As many as 80 inmates, more than half the men in custody at the North Slave Correctional Complex (NSCC) have put pen to paper writing open letters to MLAs and the minister of justice.

The letters outline grievances about how things are run at the facility such as a lack of quality programming, the removal of the recreation director and the inability to access exams for educational upgrading. That is according to inmate Daniel Gillis who said he not only wrote one of the letters, but encouraged other inmates to do the same.

These are just some of the letters inmates at the North Slave Correctional Centre have sent out to MLAs as well as the minister of justice. About 80 prisoners expressed their concerns on paper over a lack of quality programming at the facility including the fact they can no longer earn a high school equivalency diploma. The deputy justice minister said the complaints are being taken seriously.

Among the letters are ones professed to have been written by accused murderers Denecho King and Colten McNeely. News/ North has no way to verify the authenticity of the letters, copies of which were emailed to the newspaper.

Gillis, who started his five and a half month sentence in July for sexual assault and assault, had his original, eight-page letter hand delivered to News/North.

He then followed up by calling News/North from the jail on Oct. 12.

“Speaking on behalf of these guys – a lot of them have been in and out of this place for over a decade – over two decades in some cases. There is a big desire for guys to change, but they are just not getting the support,” Gillis said. “A lot of guys are not very literate here and they had to get help writing their letters. It took a lot of support and cooperation to make that happen.”

Gillis said many inmates feel the support programs are not adequate. He added that inmates can not get a GED (general equivalency diploma) or an an actual high school diploma at NSCC.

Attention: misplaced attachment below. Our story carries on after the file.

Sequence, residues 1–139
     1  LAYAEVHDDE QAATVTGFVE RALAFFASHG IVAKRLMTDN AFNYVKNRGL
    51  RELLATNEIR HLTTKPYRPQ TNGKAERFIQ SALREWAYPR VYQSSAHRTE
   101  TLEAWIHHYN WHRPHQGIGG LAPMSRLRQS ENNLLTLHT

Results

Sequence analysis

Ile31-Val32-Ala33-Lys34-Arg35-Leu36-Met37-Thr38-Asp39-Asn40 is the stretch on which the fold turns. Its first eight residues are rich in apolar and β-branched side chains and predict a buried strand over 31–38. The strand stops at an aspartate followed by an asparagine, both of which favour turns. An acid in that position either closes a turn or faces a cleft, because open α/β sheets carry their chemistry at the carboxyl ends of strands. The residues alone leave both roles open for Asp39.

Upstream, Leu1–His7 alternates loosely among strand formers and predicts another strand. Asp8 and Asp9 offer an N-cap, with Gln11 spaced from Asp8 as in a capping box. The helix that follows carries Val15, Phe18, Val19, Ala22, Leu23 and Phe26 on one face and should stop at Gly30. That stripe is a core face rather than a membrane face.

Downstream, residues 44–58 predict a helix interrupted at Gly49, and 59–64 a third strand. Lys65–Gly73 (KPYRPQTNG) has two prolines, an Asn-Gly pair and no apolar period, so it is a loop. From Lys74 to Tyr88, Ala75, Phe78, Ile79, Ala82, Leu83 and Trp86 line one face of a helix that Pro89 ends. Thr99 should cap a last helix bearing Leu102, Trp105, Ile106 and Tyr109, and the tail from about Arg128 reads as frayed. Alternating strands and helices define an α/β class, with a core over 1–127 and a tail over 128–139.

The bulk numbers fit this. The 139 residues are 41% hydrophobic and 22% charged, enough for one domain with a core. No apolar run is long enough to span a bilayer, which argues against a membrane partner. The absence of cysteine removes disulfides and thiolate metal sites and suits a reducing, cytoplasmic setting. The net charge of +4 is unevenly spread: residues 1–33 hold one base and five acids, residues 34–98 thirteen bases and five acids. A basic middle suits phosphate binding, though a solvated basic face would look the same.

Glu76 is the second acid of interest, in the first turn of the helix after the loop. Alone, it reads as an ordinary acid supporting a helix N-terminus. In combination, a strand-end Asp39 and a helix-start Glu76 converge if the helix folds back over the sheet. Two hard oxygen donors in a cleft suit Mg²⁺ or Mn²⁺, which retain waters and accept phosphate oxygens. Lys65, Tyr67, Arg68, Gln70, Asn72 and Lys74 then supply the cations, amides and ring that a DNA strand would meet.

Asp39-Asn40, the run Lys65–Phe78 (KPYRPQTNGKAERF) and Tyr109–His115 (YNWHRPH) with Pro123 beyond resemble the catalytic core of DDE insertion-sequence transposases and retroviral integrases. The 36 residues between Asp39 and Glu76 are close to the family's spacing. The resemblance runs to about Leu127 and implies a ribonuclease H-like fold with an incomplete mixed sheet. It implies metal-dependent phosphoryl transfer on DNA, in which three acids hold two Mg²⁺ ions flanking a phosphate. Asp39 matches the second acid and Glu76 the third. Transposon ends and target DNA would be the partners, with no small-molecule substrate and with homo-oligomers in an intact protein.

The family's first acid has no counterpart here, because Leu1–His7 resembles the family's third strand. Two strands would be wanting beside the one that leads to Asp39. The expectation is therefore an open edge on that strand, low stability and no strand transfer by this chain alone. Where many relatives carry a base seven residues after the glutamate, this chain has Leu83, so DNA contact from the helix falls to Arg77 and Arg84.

“One guy spent several months learning chemistry and they wouldn’t let him (take) the exam,” Gillis said. “I myself have taught two guys here grade 11 and 12 math in the couple of months I’ve been here, but they can’t take the exam.”

Martin Goldney, deputy minister of justice, said he had seen at least some of the letters and the department is taking the complaints seriously. He said he was caught a little bit off-guard by the campaign – which he described as unprecedented in the history of the facility. Goldney added that complaints in the past have usually come through the prisoner-run inmate advisory committee.

“We’ve only had a day to look at the letters, but a lot of the themes that we are seeing seems to be based on misinformation. We understand inmates are frustrated,” Goldney said. “There seems to be a suggestion that that there have been program cuts to save costs and I don’t believe that’s accurate.

Goldney admits the recreation director position has been eliminated and is now being filled by corrections officers, He confirmed there is no longer a GED program – saying Aurora College no longer offers it at NSCC, and he is not sure why it was cancelled. Goldney also said that part of the yard has been closed off to inmates while fence improvements are made following the escape in August 2016 by Denecho King. Goldney hopes to see that work done by the end of the year and inmate access restored to the area currently off-limits.

One MLA who has seen at least some of the letters is Tom Beaulieu, member for Tu Nedhe-Wiilideh.

“I feel for the inmates who are doing time with no programs to support in their recovery. Most of the letters I got are from inmates who are in corrections due to alcohol and they should be given the opportunity to correct themselves,” Beaulieu stated in an email to News/North. “It can’t be good to feel like you are just being warehoused until you have completed your sentence. The inmates might feel like no one cares if they come out no further ahead than when they went to jail to start with.”


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